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The Interpreter
Russian-to-English translation journal, with original analysis and commentary on Russia's foreign & domestic policy.
Ukraine Live Day 685

Publication: Ukraine Liveblogs
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The Interpreter
Russian-to-English translation journal, with original analysis and commentary on Russia's foreign & domestic policy.
The Trade War Between Kiev And Moscow Escalates

Nearly two years ago the pro-Russian Ukrainian president Victor Yanukovych fled in the face of the Euromaidan Revolution, yet Ukraine and Russia have remained major trading partners despite Moscow's undeclared war in the Donbass and the illegal annexation of the Crimean peninsula. But that is changing. 2016 is starting off with new developments in a trade war that has seen its steepest escalation only within the last two months.

Starting on January 1, Russia has banned most food imports from Ukraine. RFE/RL reports:

The tit-for-tat moves come in the wake of Ukraine's decision to implement a free-trade pact with the European Union despite Russian opposition.

Russian officials said that the ban on Ukrainian food imports was necessary to protect its internal market, claiming that European products could reach Russia by way of Ukraine without paying import duty.

An initial attempt to finalize the pact had failed in 2013, sparking protests in Kyiv that led to the ouster of Ukraine's pro-Russian president, followed by Russia's annexation of Ukraine's Crimea, and a Russian-backed separatist uprising in eastern Ukraine.

Following Russia's ban, Ukraine is set to ban Russian food imports on January 10. The Telegraph reports:

The ban on imports including beef, tobacco, chocolate, and alcohol products comes after Russia closed its own borders to a range of Ukrainian foods.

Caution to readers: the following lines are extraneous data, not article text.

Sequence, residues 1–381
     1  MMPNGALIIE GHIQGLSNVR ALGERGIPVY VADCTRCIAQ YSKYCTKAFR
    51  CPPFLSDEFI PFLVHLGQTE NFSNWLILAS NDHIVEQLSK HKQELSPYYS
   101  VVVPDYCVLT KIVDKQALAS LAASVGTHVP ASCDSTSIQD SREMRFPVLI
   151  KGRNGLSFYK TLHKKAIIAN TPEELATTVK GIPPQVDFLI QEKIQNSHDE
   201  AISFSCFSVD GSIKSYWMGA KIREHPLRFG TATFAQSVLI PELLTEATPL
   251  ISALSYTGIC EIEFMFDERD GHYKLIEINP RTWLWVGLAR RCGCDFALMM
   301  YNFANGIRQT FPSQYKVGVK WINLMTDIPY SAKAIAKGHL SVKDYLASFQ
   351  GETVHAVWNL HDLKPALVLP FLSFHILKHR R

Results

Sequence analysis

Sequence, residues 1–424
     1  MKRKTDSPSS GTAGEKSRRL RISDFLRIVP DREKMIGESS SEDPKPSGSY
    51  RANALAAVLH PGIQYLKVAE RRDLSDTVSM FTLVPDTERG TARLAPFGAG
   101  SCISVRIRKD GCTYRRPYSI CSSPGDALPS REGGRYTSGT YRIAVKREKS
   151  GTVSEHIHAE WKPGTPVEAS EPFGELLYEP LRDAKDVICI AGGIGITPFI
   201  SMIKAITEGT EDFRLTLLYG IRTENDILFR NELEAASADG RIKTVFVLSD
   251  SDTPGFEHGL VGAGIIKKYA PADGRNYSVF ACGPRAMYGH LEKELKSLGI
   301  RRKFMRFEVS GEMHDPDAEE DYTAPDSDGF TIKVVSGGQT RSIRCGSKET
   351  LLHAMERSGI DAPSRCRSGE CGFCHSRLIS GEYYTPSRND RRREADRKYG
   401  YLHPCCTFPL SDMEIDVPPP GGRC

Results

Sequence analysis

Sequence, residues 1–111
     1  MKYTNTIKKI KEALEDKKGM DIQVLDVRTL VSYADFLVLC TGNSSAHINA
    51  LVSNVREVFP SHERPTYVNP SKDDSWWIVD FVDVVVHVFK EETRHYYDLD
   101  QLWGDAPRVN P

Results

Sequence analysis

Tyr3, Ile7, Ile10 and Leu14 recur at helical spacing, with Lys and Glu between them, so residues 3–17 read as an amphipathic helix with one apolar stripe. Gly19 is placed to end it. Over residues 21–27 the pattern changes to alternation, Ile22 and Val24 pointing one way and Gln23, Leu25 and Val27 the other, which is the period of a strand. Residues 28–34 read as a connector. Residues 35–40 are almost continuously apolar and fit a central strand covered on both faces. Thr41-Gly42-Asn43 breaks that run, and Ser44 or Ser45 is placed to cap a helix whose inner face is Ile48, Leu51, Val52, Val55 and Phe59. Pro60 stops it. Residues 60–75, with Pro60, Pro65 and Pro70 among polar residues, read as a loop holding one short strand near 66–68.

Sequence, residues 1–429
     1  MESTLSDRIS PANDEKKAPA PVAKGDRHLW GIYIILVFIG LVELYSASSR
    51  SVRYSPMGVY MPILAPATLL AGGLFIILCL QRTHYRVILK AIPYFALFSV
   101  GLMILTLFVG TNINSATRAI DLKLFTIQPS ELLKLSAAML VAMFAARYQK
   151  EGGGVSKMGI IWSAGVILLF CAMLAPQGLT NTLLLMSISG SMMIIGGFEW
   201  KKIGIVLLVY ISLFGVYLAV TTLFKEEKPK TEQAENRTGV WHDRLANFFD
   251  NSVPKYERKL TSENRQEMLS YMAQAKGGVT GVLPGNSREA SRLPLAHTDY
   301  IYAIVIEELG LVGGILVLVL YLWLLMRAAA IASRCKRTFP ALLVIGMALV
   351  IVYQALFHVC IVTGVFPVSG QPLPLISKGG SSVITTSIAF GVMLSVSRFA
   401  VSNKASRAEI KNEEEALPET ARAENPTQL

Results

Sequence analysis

The embargo, which comes into force on January 10, will stay in place until August 5 or “until the cancellation of the ban on imports of agricultural products, food, and raw materials produced in Ukraine into the customs territory of the Russian Federation,” according to a decree signed by Arseniy Yatsenyuk, the Ukrainian prime minister.

Russia closed its borders to a range of Ukrainian meat, fish, dairy and vegetable products on Friday as part of pre-announced response to Ukraine's decision to implement a free trade pact with Brussels.

The food embargoes are not the only signs that an economic showdown may be right around the corner. As we have been reporting, since November the supply of electricity and ground transportation to Russian-occupied Crimea from the Ukrainian mainland has been disrupted partially or entirely, first the result of an activist 'blockade' and then the result of the explosion of electrical pylons which supply the peninsula with power.

Ukraine has also recently been outraged by the relocation of two oil platforms that were nationalized by the Russian government along with the Crimean peninsula in March 2014. Though prospects of the return of the Crimean peninsula may not be likely any time soon, the relocation of the oil rigs to Russian waters, for new and undefined "security reasons" according to Russian officials, now means than Ukrainian control of these oil rigs, which were once owned by Kiev, seems even more remote.

Now, Reuters reports that the Ukrainian government says that its power grid was attacked by a Russian cyber attack last week:

A power company in western Ukraine, Pryka-rpattyaoblenergo, said on December 23 that a swath of the area it serves had been left without energy, including the regional capital Ivano-Frankivsk, due to "interference" in the work of the system.

Ukraine's SBU state security service blamed Russia, which has not so far commented on the allegation. The energy ministry in Kiev said on Thursday that it had set up a special commission to investigate what happened. While cyber attacks are commonplace, few successful assaults on industrial targets have been documented.

If the SBU's accusations are validated by the probe, it would be the first time a specific power outage has been credibly linked to a cyber attack, said Robert Lee, a former U.S. Air Force cyber warfare operations officer. Lee said it was too early to say whether the SBU's account was credible. If the claims are validated, then the incident could prompt other nations to use similar tactics.

-- James Miller